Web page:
Edward Claudius Herrick Papers, 1797-1862 [MS 691], all in Manuscripts
and Archives, Yale University Library. Several of Loomis's letters to
Joseph Henry, held by the Smithsonian Institution Archives, appear in
Marc Rothenberg, ed. The Papers of Joseph Henry, 8 vol.
(Washington, DC, and London: Smithsonian Institution Press,
- A Collection of Algebraic Problems and Examples, for the Use of
Colleges and High Schools in Examinations and Class Instruction (New
York: Harper & Brothers, 1878).
- The Descendants of Joseph Loomis, Who Came from Braintree, England,
in the Year 1638, and Settled in Windsor, Connecticut, in 1639
Trigonometry And Tables (New Haven, 1870). See also James H.
Holcombe, Jr., Descendants of Joseph Loomis,
(accessed 21 June 2001).
- Descendants by the Female Branches of Joseph Loomis, 2 vol. (New
- Elements of Algebra, Designed for the Use of Beginners (New York:
Harper & Brothers, 1851).
- Elements of Analytical Geometry, and of the Differential and Integral
Calculus (New York: Harper & Brothers, 1851).
- Elements of Arithmetic, Designed for Children (New York: Harper
& Brothers, 1863).
- Elements of Astronomy, Designed for Academies and High Schools
(New York: Harper & Brothers, 1869).
- Elements of Geometry, Conic Sections, and Plane Trigonometry (New
York: Harper & Brothers, 1847).
- Elements of Natural Philosophy, Designed for Academies and High
Schools (New York: Harper & Brothers, 1858).
- Elements of Plane and Spherical Trigonometry, With Their Applications
to Mensuration, Surveying, and Navigation Trigonometry And Tables
(New York: Harper & Brothers, 1848).
- Introduction to Practical Astronomy (New York: Harper &
- Recent Progress of Astronomy, Especially in the United States
(New York: Harper & Brothers, 1850; reprint, ed. I. B. Cohen, New
York: Arno Press, 1980).
- Tables of Logarithms of Numbers . . . Sines . . . Tangents for Every
Ten Seconds . . . With Other Useful Tables Trigonometry And Tables
(New York: Harper & Brothers, 1848).
- Treatise on Algebra (New York: Harper & Brothers, 1846).
- Treatise on Arithmetic, Theoretical and Practical (New York:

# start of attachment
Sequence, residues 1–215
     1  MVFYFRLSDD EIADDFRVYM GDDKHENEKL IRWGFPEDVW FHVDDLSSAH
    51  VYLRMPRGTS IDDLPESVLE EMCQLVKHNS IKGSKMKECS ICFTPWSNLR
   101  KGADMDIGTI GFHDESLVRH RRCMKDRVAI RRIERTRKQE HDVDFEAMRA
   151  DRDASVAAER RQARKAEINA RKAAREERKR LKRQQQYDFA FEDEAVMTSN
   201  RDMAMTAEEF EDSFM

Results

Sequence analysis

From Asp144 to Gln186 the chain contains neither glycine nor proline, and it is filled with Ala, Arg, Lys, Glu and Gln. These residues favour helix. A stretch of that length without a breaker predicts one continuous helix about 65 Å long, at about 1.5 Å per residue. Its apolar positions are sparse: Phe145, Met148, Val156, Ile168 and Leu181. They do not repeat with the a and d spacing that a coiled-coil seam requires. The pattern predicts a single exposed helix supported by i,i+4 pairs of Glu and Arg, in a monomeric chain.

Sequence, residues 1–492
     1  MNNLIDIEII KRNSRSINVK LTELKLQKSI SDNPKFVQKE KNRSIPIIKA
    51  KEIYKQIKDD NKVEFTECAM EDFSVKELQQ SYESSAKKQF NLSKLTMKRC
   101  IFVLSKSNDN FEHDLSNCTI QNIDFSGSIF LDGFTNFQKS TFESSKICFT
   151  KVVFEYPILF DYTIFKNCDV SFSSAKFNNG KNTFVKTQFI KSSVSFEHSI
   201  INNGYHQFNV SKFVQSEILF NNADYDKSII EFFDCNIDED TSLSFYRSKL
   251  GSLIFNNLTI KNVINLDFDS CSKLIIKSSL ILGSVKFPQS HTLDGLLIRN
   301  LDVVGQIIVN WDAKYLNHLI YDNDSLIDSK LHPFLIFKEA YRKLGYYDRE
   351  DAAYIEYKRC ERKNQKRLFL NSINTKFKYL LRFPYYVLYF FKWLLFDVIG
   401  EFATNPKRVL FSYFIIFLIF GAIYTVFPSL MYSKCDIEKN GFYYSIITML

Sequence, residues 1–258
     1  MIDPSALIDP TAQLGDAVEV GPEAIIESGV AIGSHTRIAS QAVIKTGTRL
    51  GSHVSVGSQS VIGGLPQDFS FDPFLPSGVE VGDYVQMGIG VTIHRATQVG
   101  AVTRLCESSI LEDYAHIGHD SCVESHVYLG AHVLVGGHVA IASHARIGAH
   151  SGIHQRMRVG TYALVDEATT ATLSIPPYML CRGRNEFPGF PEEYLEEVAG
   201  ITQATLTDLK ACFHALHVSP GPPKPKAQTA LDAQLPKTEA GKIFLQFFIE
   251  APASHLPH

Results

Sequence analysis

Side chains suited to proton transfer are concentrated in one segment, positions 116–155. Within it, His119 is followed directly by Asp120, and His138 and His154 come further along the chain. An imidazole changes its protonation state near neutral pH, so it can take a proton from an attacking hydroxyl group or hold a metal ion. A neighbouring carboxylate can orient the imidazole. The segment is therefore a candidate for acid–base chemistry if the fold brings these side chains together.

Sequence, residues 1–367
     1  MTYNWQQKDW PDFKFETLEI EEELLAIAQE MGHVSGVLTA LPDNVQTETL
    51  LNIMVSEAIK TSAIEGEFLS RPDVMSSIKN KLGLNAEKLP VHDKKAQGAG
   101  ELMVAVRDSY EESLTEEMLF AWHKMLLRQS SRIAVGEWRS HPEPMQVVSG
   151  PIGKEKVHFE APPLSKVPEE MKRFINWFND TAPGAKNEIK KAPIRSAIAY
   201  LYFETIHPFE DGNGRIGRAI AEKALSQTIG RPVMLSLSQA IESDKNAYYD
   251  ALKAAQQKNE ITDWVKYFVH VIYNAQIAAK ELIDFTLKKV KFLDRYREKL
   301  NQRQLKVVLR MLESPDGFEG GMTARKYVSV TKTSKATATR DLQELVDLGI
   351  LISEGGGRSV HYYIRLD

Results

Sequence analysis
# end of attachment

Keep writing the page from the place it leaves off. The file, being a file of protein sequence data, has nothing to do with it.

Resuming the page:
Harper & Brothers, 1860).
- Treatise on Astronomy, Designed for Colleges and Scientific Schools
(New York: Harper & Brothers, 1868).
- Treatise on Meteorology (New York: Harper & Brothers,
Works About Loomis
Article by Amy Ackerberg-Hastings, email@example.com
- Clark A. Elliott, "Loomis, Elias," Biographical Dictionary of
American Science: The Seventeenth Through the Nineteenth Centuries
(Westport, CT: Greenwood Press, 1979), pp. 161-162.
- James Rodger Fleming, "Loomis, Elias," in American National
Biography, ed. John A. Garraty and Mark C. Carnes, vol. 13 (New York
and Oxford: Oxford University Press, 1999), pp. 903-904.
- Gisela Kutzbach, "Loomis, Elias," in Dictionary of Scientific
Biography, ed. Charles Coulston Gillispie, vol. 8 (New York: Charles
Scribner's Sons, 1970), p. 487.
- "Loomis, Elias," The National Cyclopaedia of American
Biography, vol. 7 (New York and Clifton, NJ: James T. White and
Company, 1898-1984), p. 233.
- H. A. Newton, "Biographical Memoir of Elias Loomis," Biographical
Memoirs. National Academy of Sciences 3 (1895): 213-252.
Includes a full bibliography. Biography is partially available on
Department of Geology and Geophysics, Yale University, "Elias Loomis"
(accessed 10 June 2002).
- David Eugene Smith, "Loomis, Elias," in Dictionary of American
Biography, ed. Allen Johnson, vol. 11(New York: Charles Scribner's
Sons, 1927-1936), pp. 398-399.
- Bonnie S. Stadelman, "Elias Loomis and the Loomis Observatory,"
Ohio History 69 (1960): 157-170. Also available through
<publications.ohiohistory.org> (accessed 10 June 2002).
- Yale Alumni Magazine, "Thirty Decades of Distinguished Graduates: